Recomposition: Emerson’s Original Quotation

English: Photo of American Transcendentalist, ...

English: Photo of American Transcendentalist, writer, and minister Ralph Waldo Emerson. (Photo credit: Wikipedia)

Emerson has long been known as a sort of patron saint of originality in American culture. The primary location for this message is his essay “Self-Reliance” (1841). The argument of that essay would seem to be, from the title onward, that the individual and his/her genius is of utmost importance. There are many famous lines and passages in the essay that suggest this, including, perhaps most famous: “imitation is suicide.”

Believe it or not, that line and some others from the essay were used in a Reebok commercial in the 1980s. Reebok was just starting and trying to knock Nike–the shoes that everyone else was wearing. The logic was, strangely: be yourself and buy our shoes; don’t imitate Nike (imitate us).

Given this tradition of Emersonian originality, what should we make of Emerson’s later essay, “Quotation and Originality,” in which he declares surprisingly, “all minds quote”? Is this view of writing and reading and, more broadly, thinking, as some form of quotation a contradiction of his earlier views of self-reliance and “creative reading?” Does this break from the earlier essays, or somehow extend the vision?

Emerson, mid-way through the essay, seems to admit his own contradiction when he begins to voice a challenge to what he has been saying of quotation. That voice sounds much like the Emerson from “Self-Reliance”: “Quotation confesses inferiority.” Is this just a case of Emerson contradicting himself, being willfully or whimsically inconsistent? (In “Self-Reliance he claims famously: “A foolish consistency is the hobgoblin of little minds.”)

Emerson, however, has always had a more complicated vision of originality–much as the notion of originality in writing and thinking is more complicated than conventionally presented in schools. Emerson’s vision of original quotation speaks to the essay tradition and its philosophy of relating the personal and ordinary in the world of the writer to the public world of the reader. A good essayist needs to work through quotation, and consider the relation between the quotation and originality of thinking. A better context for understanding the tension between originality and quotation, I suggest, is a rhetorical tradition Emerson was familiar with. The rhetorical context for this essay, for any essay Emerson might have in mind, opens up contradiction as a strong potential for an essay, when handled honestly. Contradiction becomes counterargument; the logic in the essay moves (is not fixed), is dialectical or dynamic. Think, as Emerson liked to think, of the natural analogy of polarity. And so thought, and thinking in writing, when it accurately reflects its contexts as a natural process, moves between positive and negative poles. All things, as Emerson says, are in flux.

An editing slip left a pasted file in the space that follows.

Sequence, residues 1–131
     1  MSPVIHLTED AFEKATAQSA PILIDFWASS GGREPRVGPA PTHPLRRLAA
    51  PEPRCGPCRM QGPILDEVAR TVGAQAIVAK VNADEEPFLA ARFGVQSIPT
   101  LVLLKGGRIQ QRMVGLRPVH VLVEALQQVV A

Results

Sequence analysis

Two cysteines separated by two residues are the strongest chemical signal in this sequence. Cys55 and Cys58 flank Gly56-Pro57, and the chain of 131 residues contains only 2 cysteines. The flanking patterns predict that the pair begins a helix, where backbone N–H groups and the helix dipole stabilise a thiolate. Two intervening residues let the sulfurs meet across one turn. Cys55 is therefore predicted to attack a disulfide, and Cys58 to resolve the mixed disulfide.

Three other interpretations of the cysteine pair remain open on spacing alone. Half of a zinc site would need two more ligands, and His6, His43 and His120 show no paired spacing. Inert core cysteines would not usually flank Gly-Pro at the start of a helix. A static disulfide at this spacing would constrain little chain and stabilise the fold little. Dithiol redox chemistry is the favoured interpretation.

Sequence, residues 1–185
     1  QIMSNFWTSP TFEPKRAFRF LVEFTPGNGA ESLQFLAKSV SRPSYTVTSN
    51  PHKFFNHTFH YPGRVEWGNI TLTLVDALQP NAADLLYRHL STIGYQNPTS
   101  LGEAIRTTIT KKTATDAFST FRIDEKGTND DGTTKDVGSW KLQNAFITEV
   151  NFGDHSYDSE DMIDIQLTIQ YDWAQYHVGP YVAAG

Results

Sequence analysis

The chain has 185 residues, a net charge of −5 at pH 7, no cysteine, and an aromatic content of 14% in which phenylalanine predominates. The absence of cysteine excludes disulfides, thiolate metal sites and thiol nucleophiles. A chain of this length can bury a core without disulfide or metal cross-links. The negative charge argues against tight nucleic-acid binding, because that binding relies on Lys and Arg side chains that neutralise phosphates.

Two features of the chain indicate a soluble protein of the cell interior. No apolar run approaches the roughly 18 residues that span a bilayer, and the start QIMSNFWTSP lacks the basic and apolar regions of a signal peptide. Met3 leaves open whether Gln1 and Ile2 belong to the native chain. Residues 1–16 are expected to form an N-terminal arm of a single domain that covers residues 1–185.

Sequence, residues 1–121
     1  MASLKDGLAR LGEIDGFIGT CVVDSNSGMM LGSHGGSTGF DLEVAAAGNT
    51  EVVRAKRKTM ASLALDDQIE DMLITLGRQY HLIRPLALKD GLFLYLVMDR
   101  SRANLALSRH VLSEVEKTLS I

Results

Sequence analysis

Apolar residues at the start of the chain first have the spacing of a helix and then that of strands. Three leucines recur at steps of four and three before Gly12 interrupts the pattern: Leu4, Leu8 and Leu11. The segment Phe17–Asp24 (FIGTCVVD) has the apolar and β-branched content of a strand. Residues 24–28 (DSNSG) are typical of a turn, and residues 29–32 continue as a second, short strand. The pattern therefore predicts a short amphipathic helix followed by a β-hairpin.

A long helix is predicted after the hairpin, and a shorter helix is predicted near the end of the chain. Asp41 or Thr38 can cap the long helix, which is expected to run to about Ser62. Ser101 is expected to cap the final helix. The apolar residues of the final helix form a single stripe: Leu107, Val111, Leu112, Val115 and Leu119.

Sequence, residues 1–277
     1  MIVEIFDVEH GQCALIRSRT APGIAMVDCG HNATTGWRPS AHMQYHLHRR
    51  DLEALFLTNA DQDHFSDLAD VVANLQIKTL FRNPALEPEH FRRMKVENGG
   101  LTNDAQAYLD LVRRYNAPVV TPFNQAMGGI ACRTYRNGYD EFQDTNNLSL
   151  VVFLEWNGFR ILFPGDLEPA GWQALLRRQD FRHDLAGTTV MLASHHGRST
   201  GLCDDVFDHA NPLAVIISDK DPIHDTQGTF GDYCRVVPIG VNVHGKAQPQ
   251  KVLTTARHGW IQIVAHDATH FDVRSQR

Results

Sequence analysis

Composition and decomposition are the natural poles. Recomposition is the form of writing that generates from this. Reading such writing, as we also see by the end of the essay, participates in the recomposition by being inventive. Invention is a concept of classical rhetoric that speaks to the paradoxical but necessary tension between the originality of our ideas and argument and the given, quoted, borrowed structures and contexts that those ideas must live in. There is no pure originality. Of course, this line from a late Emerson essay (1868) takes us back to Emerson’s “American Scholar” thirty years before: “One must be an inventor to read well.” Thus Emerson quotes himself originally.

How does Emerson’s vision of recomposition inform David Shields’ project in Reality Hunger? How does Emerson’s vision of original quotation compare to your emerging philosophy of the essay?

My annotated (inventive? quotational?) reading of “Quotation and Originality”

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The Essay: Theater of the Brain

Essay.

Noun: A short piece of writing on a particular subject.

Verb: Attempt or try: “essay a smile”.

Synonyms: noun.  attempt – try – trial – test – experiment – assay;

verb.  try – attempt – assay – test – sample – endeavor